CoD's long goodbye kiss
In the Namibian political context, CoD definitely does not stand for 'cash on delivery'. But what the now ailing and all but irrelevant Congress of Democrats did promise to deliver, at its genesis, was a truly reconciled Namibia built around the aspirations of its world-class constitution.
01 November 2019 | Columns
As the novelty of an independent presidential candidate, who is choosing to stick to his Swapo colours, seems to be getting more shine, there was in fact a time when those unhappy with the then Swapo leadership had the courage of their convictions to forge their own way in the political maelstrom.
One such man was Ben Ulenga, who left Swapo amid a flutter to establish the CoD.
It may be hard to believe now, but there was a time in Namibia where some thought Founding President Sam Nujoma was eyeing the emulation of his African peers who refuse to relax their grip on power, such as Paul Biya, Teodoro Obiang Nguema Mbasogo, Denis Sassou Nguesso, and closer to home, Nujoma's friend Robert Mugabe, who only gave up power when staring down the barrel of a gun.
These are men who have created dynasties of friends and cronies, and whom only death will recall them from the thrones they are firmly glued to.
With Nujoma's henchmen having convinced him to stay for five more years, having already served his first two terms, Ulenga protested.
The former Robben Island prisoner was so angry that he relinquished his cushy government job as Namibia's high commissioner to the UK to form what the media and analysts said would break Swapo's two-thirds majority, if not smoke it out of power altogether.
Ulenga's CoD started off with steam. It robbed Swapo of some of its sharpest talents, such as then deputy minister of information Ignatius Shixwemeni, a rising youthful star then.
They couldn't stand that a country's constitution was being amended to stroke the ego of one man – perhaps a good stance.
Ulenga contested the 1999 presidential election against Nujoma and received 10.5% of the vote. In the parliamentary election the CoD gained seven seats, replacing the then DTA as the official opposition.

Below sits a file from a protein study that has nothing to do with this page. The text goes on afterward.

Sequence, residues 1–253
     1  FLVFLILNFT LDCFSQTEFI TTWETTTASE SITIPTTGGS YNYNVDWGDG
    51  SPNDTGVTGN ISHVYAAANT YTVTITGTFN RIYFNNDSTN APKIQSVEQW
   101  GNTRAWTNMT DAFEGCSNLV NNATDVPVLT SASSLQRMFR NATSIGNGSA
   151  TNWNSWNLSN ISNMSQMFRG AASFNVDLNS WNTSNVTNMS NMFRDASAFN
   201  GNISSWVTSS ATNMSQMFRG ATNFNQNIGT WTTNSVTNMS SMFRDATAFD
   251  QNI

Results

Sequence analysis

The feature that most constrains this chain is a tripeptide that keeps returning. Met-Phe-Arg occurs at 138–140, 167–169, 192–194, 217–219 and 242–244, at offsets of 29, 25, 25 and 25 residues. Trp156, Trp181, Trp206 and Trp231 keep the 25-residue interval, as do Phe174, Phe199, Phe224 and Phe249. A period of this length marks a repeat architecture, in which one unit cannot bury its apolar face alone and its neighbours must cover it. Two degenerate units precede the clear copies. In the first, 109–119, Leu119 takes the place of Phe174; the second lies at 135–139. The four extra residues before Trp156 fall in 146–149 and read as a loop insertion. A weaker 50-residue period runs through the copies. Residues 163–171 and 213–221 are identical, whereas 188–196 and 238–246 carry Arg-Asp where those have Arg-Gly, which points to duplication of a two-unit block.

In the 2004 election, the party won 7.2% of the popular vote and five out of 78 seats, before plummeting in 2009 and securing only one seat along with the All People's Party (APP), which came from its own rib as an off-ramp born out of factionalism.
The APP was born out of a falling out between an Ulenga faction and one led by his former blue-eyed boy Shixwameni.
Their poll performances have been increasingly dismal, as first the Rally for Democracy and Progress (RDP) and then the DTA became the official opposition in subsequent elections.
In 2014, CoD failed to win a seat in the National Assembly.
In 2015 Ulenga tendered his resignation from the party he had founded.
“I am no longer in that field. I cannot say much. I will leave it to the party as they have people who speak for them. I am no longer relevant,” he told The Namibian at the time.
Ulenga brought about, according to analysts, a vibrancy when he launched his party, but like all other opposition parties, its challenge to Swapo faded.
Rumours then spread that Ulenga, undoubtedly a decorated soldier of the liberation struggle, had rejoined Swapo.
Not true, he told Namibian Sun yesterday. “I am a member of the CoD,” he declared, but hastening to add that he is now an ordinary member of the once feared movement, with no formal position in its shaky structures.
The CoD's good policies and strong reconciliation leanings drew commendations in its heyday.
However, the old story of infighting and subsequent smaller splits milked the party's support dry.
Political commentator Graham Hopwood said one of the problems with the CoD was that it was set up to channel protest against certain developments during the third term of President Nujoma, but did not have a longer-term vision.
“Most of the issues that it took on were time-limited, such as the third term issue, Namibia's involvement in the DRC war, and the spillover of the Angolan civil war into northern Namibia.
“The party didn't find new issues to focus on once the third term was over.
“There was also a clash of personalities among the top figures in the party - mainly between Ben Ulenga and Nora Schimming-Chase,” Hopwood said.
He added that for small parties these divisions could often prove very damaging, “as we have seen subsequently in RDP”.
“It's difficult to garner public support when many of the headlines in the media are about the party's internal arguments, rather than what the party thinks on the issues of the day, and what policies it would like to introduce.
“In 1999 the party gained 10% of the vote, which was a creditable and encouraging start, but they were not able to build on this due to the factors I've outlined earlier.
“I don't think they will ever get back to their 1999 level of support. Namibia's generous electoral system could conceivably result in them gaining one seat, by attracting a few thousand votes, but I don't think that will happen at this election,” Hopwood added.
TOIVO NDJEBELA AND ASHLEY SMITH